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Unread September 29th, 2011, 02:04 PM
James Pretzer James Pretzer is offline
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Join Date: Jun 2004
Posts: 283
Default Re: Treatment for Cognitive Dissonance

In thinking back about Sandra's question, it would have been useful to clarify what she meant be "cognitive dissonance." When clients are coming out of abusive or coercive relationships, they sometimes look back at things that they said or did with a great deal of regret or self-blame. When that's the case, it often is useful to help them understand why they acted the way they did and to have some compassion and forgiveness for themselves. It usually turns out that they were doing the best they could in a difficult situation.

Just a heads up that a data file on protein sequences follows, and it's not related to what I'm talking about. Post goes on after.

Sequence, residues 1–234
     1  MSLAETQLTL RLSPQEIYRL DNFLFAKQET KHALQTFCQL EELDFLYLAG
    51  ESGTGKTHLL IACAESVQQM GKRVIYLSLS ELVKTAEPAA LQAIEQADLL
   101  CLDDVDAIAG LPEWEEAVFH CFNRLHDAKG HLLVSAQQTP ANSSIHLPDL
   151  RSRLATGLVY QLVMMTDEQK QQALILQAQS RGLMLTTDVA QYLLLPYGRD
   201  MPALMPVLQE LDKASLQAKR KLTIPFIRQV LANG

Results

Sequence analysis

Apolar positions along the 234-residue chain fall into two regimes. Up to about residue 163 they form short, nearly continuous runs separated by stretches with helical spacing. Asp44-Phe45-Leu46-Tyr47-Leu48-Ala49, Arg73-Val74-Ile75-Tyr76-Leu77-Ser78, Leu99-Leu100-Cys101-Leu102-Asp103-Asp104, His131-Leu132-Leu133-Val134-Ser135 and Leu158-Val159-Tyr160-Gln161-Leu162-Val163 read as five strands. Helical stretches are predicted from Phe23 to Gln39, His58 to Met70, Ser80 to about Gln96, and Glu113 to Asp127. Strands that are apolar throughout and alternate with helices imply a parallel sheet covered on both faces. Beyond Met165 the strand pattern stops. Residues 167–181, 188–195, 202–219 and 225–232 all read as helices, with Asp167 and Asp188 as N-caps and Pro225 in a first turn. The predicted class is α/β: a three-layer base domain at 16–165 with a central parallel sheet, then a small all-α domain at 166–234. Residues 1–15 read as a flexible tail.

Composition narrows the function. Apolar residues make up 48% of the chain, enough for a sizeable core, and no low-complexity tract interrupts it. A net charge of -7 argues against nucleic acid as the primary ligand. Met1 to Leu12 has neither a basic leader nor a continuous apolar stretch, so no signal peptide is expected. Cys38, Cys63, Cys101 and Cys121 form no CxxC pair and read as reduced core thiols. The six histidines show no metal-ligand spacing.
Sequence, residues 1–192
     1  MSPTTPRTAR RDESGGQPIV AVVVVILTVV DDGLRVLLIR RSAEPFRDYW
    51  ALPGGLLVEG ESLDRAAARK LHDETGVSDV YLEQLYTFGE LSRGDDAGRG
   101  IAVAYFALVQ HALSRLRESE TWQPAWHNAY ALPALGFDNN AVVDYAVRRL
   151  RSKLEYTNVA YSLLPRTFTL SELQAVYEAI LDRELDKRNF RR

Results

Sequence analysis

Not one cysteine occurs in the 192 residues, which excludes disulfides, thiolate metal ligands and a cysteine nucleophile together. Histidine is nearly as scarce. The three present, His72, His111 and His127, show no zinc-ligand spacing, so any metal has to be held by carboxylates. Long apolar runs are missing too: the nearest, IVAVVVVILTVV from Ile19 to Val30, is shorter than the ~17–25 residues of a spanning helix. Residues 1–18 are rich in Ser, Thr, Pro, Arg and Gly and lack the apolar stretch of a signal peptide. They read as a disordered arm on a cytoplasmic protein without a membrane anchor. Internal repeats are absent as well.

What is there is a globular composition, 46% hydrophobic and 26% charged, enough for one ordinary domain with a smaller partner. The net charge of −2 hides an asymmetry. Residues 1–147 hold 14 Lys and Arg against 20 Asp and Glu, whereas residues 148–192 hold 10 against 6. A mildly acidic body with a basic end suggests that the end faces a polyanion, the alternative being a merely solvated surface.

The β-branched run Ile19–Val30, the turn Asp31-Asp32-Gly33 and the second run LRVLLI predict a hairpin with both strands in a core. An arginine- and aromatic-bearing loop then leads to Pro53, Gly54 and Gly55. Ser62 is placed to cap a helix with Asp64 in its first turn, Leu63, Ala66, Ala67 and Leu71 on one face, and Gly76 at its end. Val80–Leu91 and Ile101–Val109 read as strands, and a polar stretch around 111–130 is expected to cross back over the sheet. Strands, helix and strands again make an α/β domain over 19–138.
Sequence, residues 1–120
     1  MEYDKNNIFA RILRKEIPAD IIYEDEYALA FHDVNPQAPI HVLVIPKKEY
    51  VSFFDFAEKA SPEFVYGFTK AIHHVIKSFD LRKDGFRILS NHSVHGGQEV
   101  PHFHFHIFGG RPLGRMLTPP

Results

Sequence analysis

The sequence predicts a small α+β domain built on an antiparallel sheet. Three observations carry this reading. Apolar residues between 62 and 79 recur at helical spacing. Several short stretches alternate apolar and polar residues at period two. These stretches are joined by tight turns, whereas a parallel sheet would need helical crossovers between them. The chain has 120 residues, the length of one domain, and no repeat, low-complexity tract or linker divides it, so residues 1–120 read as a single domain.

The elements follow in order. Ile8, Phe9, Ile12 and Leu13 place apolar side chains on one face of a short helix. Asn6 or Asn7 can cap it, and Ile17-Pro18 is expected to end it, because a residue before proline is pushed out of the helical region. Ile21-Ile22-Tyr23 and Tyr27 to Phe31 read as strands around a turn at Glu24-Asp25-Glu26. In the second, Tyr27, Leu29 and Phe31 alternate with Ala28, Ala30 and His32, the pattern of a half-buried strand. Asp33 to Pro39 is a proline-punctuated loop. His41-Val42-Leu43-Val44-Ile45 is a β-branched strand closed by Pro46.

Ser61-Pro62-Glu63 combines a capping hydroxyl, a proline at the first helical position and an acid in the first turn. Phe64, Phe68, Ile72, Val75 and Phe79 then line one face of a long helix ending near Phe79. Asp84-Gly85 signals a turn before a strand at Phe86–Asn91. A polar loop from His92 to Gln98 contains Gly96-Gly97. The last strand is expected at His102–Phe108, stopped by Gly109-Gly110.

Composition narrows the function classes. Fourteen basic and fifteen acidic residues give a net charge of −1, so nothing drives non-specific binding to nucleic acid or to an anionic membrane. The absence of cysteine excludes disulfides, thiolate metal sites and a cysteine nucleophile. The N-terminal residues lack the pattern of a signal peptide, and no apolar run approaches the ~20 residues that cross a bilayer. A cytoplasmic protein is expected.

Other clients put a great deal of time and energy into criticizing themselves because they want to be sure never to get into another relationship like that again. They're acting as though they need to punish/criticize/blame themselves in order to keep from making the same mistake again. When this is the case, it can be useful to help them think through what they need to learn from their experience and what they need to do differently in order not to end up in the same sort of relationship again. (i.e. "If a guy is jealous, possessive, and restrictive, this doesn't show how much he loves me, it shows that he's bad news and I need to end the relationship before it goes further.")
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